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Does Smoking and Alcohol Increase Swelling Post Rhinoplasty?

I had open rhinoplasty surgery about 2 months ago and it looked good until I started partying. Does alcohol consumption or smoking increase inflammation and swelling in and around the tip of the nose?

Doctor Answers (4)

Does Smoking and Alcohol Increase Swelling Post Rhinoplasty?

+1
Yes, smoking and alcohol should be largely avoided, especially directly after a nose job as they can both contribute to nasal swelling. I typically advise my patients to abstain from either activity for about 2-3 weeks after surgery. Since your rhinoplasty surgery was approximately two months ago, I would say that it is okay to drink and smoke as long as it is kept to a minimum and is controlled.


New York Facial Plastic Surgeon
4.0 out of 5 stars 18 reviews

Smoking leads to more swelling

+1

Nicotine causes a "choking off" or vasoconstriction of blood vessels in your skin. In your postoperative state, you are relying on the vasculature of your nasal skin to decrease swelling. In non smokers who have had rhinoplasty, nasal tip edema can persist for up to a year. Smoking will only delay your eventual healing and your final result.

Stephen Prendiville, MD
Fort Myers Facial Plastic Surgeon
5.0 out of 5 stars 38 reviews

Smoking and drinking not conducive to good healing

+1

Alcohol can increase the swelling in the nose by vasodilation of the blood vessels. Cigarette smoking is an irritant to the internal portion of the nose. Both smoking and drinking are not conducive to good healing in the postoperative phase. It is best to quit smoking and limit the alcohol consumption.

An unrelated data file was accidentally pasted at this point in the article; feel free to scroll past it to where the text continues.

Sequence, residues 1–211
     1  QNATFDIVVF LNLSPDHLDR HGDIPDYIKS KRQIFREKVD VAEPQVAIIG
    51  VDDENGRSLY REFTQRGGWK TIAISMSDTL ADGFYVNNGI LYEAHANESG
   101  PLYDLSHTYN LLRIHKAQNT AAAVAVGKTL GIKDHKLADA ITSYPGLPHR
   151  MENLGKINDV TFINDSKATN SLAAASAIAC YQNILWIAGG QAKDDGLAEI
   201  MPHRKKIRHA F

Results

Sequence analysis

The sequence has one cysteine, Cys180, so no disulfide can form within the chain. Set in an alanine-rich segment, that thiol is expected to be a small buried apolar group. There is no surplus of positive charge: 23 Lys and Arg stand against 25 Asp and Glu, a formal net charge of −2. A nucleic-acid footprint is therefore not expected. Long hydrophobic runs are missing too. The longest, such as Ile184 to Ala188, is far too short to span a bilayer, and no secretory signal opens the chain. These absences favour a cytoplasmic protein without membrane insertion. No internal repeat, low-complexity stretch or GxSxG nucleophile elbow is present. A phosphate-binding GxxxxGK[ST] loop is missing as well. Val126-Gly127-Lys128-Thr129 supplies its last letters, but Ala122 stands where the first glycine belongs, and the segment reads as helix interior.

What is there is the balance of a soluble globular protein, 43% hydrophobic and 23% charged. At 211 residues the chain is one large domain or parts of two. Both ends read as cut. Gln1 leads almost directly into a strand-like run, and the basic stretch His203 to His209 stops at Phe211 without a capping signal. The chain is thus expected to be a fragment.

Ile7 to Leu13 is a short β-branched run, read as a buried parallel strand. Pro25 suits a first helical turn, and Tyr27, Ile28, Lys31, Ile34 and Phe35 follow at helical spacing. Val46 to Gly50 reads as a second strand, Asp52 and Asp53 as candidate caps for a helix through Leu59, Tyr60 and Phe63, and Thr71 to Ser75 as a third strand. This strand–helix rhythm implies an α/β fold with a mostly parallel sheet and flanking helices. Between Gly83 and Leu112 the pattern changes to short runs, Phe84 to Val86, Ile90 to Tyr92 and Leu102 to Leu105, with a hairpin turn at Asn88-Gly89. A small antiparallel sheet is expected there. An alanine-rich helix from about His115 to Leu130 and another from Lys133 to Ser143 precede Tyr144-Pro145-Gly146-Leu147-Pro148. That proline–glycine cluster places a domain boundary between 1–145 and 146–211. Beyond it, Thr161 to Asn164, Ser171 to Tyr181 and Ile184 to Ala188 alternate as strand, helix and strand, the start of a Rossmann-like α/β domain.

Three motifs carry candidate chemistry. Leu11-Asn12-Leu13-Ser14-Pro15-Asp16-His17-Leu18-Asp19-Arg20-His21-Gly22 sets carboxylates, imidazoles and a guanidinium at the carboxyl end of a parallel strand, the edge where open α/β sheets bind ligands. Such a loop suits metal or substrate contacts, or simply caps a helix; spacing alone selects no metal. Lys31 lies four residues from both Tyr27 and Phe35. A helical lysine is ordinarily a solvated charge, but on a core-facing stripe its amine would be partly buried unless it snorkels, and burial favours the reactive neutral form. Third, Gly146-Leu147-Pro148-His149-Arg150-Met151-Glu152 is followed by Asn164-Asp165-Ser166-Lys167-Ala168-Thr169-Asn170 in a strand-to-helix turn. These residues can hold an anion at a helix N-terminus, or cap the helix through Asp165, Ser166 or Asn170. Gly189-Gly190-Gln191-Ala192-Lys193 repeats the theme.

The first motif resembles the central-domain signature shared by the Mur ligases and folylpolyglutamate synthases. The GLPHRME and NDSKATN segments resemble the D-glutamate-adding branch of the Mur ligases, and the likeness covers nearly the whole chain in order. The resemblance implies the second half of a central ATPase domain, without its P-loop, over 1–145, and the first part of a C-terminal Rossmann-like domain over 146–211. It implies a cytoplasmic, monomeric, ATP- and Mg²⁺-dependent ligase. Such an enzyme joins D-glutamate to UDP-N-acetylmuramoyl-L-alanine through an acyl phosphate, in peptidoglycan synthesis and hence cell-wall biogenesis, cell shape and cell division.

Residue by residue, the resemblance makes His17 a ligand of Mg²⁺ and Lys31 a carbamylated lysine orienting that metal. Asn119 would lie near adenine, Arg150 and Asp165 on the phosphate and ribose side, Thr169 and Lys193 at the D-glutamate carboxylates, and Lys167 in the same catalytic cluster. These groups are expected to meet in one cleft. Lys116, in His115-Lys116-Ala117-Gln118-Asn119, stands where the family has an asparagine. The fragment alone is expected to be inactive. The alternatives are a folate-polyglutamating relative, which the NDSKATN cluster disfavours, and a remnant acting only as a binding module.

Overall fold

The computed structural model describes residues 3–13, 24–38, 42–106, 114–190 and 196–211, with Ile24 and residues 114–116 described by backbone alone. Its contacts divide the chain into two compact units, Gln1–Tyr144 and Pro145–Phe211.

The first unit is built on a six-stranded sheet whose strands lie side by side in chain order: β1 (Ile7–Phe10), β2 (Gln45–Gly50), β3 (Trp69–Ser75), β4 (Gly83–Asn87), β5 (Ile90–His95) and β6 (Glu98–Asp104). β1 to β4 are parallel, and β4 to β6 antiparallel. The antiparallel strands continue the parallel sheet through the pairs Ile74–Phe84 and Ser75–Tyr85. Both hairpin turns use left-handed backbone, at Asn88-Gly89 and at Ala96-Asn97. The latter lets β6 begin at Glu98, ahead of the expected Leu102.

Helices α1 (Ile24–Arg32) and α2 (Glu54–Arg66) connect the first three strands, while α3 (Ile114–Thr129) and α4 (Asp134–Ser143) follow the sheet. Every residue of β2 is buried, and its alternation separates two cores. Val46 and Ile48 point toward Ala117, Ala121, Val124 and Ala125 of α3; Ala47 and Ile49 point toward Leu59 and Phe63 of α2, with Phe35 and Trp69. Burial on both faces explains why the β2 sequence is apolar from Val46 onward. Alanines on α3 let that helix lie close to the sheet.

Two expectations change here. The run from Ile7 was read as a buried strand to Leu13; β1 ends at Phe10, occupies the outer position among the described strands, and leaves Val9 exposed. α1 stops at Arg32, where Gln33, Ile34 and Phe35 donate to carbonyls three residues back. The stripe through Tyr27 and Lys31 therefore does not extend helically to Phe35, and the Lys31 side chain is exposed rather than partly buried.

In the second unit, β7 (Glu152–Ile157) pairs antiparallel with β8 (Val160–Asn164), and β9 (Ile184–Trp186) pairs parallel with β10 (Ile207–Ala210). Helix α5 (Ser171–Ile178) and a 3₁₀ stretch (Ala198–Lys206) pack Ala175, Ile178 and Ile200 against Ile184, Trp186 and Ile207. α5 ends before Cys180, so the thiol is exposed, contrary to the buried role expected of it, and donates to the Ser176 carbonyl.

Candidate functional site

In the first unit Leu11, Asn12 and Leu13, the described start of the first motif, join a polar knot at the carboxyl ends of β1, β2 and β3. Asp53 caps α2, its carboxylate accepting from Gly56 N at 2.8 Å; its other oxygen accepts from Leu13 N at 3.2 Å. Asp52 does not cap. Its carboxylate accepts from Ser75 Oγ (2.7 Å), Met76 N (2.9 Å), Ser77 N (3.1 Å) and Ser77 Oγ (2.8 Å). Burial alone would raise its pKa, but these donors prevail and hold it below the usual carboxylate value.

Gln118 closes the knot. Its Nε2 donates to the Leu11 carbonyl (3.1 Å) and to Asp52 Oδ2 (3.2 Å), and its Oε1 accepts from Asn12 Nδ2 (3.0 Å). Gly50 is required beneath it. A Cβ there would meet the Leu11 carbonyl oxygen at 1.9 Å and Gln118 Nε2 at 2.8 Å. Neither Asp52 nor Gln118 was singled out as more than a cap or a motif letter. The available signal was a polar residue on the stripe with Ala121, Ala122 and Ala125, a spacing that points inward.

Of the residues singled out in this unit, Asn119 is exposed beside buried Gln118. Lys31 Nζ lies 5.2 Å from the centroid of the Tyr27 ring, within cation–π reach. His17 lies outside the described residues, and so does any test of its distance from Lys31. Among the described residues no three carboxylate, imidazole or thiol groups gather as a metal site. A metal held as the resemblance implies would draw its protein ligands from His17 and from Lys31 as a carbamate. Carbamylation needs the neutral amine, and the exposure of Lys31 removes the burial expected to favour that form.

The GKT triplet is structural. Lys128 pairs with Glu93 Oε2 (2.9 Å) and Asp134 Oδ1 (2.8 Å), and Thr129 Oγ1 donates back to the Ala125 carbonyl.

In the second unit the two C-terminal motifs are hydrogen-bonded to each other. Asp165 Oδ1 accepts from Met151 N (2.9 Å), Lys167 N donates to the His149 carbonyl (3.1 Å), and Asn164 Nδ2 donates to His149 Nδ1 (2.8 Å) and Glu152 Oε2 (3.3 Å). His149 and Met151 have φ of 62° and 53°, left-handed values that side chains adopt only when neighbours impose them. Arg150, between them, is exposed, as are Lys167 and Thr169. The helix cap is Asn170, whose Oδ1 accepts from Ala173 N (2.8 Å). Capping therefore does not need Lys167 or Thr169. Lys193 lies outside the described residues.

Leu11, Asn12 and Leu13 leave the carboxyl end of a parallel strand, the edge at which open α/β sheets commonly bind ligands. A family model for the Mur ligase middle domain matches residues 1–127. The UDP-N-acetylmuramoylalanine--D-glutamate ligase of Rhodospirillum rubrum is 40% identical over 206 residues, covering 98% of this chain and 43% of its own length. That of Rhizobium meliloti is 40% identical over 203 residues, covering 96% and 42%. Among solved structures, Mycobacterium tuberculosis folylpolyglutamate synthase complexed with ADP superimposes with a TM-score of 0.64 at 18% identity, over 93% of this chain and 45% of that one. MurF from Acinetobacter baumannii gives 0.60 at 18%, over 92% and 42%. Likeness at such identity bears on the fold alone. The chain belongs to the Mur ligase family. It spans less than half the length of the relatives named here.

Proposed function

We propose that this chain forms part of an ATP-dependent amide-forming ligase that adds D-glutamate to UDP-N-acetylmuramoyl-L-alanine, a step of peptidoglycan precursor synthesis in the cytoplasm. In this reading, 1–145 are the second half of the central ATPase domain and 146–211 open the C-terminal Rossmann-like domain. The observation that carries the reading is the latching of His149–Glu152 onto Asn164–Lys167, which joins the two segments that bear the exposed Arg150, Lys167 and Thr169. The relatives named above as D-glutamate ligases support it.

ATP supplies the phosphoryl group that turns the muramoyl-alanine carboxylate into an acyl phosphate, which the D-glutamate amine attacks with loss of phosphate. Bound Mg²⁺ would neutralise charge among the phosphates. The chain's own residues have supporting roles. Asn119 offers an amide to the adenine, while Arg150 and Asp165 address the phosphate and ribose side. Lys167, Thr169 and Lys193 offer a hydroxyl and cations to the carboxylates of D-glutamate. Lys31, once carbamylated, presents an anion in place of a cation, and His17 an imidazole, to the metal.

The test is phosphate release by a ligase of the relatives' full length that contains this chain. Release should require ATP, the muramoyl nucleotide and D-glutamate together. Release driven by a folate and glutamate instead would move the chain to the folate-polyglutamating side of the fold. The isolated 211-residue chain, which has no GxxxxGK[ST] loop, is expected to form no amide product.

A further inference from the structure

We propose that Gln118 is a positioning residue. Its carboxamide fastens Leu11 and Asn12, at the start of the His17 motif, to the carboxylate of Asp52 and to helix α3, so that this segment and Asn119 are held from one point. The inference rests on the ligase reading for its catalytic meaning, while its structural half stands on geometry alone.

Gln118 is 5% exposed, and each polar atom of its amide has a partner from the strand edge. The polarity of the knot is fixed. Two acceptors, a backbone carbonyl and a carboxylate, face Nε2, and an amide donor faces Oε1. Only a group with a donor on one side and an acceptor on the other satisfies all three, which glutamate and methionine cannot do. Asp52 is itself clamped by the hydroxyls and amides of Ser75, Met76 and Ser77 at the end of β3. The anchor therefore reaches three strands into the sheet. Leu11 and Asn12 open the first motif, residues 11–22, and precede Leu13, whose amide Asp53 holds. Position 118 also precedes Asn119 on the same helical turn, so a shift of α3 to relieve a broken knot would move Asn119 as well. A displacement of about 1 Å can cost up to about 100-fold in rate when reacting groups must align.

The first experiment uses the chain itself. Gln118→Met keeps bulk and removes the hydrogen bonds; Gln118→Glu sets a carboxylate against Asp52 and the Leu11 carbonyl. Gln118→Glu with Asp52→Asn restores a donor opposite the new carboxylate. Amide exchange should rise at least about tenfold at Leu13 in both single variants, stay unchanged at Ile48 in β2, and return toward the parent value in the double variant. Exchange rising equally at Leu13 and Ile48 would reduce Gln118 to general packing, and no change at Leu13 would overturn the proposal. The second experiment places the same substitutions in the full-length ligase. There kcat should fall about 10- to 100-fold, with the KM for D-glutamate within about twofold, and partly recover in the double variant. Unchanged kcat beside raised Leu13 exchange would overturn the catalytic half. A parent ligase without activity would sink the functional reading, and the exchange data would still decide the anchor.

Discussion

William Portuese, MD
Seattle Facial Plastic Surgeon
5.0 out of 5 stars 60 reviews

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The short answer is yes.

+1

 If done in moderation it is probably not significant. Alcohol is a vasodilator and you may notice more swelling the next few days and then it will subside. 

Toby Mayer, MD
Beverly Hills Facial Plastic Surgeon
5.0 out of 5 stars 17 reviews

These answers are for educational purposes and should not be relied upon as a substitute for medical advice you may receive from your physician. If you have a medical emergency, please call 911. These answers do not constitute or initiate a patient/doctor relationship.